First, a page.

Productivity and GTD

To Be Productive, Trust Your Intuition

AUTHOR: Francisco Sáez
“Ultimately and always you must trust your intuition. There are many things you can do, however, that can increase that trust.” ~ David Allen

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Intuition

At any specific moment throughout the day, how do you decide what are you going to do next? It could be that you are still used to defining your priorities by assigning a number to each of your pending tasks so that later on you can choose the one with the highest number (even though that number was assigned 20 days ago, when the situation was completely different to the actual one). Working with these type of priorities, though usual, it’s a very poor self-management strategy.

The answer GTD gives to this question can be shocking at first: Trust your intuition!

However, if you really practice GTD, you know that this answer is not, whatsoever, frivolous. If you practice GTD, you know the importance of getting things done according to the available resources in each moment (context, time and energy.) You also know there are times in which you have to get things done and times when you have to define which things need to be done. Finally if you use GTD, you may have thought about your life purpose, your values, your areas of responsibility, and your long-term goals.

When all of this is embraced and, on top of it, you have a complete inventory of actions to perform, using your intuition to decide what you should be doing next is a completely effective approach.

As Seth Godin says in this post, intuition is not a game of chance when is well informed: “Intuition isn’t guessing. It’s sophisticated pattern matching, honed over time. Don’t dismiss intuition merely because it’s difficult to understand. You can get better at it by practicing.”

The method Getting Things Done talks about three models that can help you making the best decisions in the field of personal productivity:

  1. The Four-Criteria Model for Choosing Actions in the Moment. In which context are you in? How much time do you have? How do you feel? Finally, out of everything you can do, what is the most important?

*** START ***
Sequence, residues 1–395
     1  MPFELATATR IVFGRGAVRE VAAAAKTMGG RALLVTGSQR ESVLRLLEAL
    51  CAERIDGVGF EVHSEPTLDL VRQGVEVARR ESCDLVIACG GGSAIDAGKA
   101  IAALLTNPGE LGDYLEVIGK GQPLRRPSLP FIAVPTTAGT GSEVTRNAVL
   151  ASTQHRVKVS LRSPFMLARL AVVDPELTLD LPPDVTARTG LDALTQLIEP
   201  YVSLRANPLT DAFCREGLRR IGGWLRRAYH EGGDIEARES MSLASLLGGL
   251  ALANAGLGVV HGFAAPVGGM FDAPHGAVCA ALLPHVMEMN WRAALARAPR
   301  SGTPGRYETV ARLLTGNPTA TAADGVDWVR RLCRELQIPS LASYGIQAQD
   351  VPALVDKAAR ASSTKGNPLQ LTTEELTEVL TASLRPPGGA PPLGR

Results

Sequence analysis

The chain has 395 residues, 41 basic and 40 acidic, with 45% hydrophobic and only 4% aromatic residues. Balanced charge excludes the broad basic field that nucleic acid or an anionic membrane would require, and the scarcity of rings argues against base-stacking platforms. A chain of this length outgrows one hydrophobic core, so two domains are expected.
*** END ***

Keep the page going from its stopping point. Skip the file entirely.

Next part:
2. The Threefold Model for Evaluating Daily Work. Is it the moment of doing the previously defined work or is it the moment of defining new works? Or is it maybe a specific time in which you have do something that simply just arose?
  3. The Six-Level Model for Reviewing Your Own Work. If you have your actions and projects aligned with higher perspective levels, your priorities will be perfectly defined.

Forget about the priorities as you know them. Write down anything that comes up and which you need to think or do something about. Later, process those notes and decide if you really want or have to do something with them. If this is not the case, through them in the trash or save them in the Someday/Maybe list to consider them in the future. Organize correctly the actions and projects you decide to carry out.

If you know everything you need to do and everything you don’t need to do, and on top of that you know well the models mentioned previously, making the best decision about your next action is very easy. You only have to trust in your intuition.

2 comments

8bb2c9a97155fbcffcc91ca918d103c7
Commented over 3 years ago Cyrus

An excellent article. Thank you for publishing it.

I think of work on two different levels.

Priority: What is the most important thing I should do right now? The answer is almost always the item that has a hard due date or is holding up another task. Priority items are either mountains to climb or holes to fill. They are the tasks that stop progress until they are tackled. The bigger the obstacle, the higher the priority. In all cases, once the priority item is done, it's smooth sailing after it is accomplished. But I do not prioritize priorities. It either is or is not in my way. To help me determine which I should tackle first, I rely on context.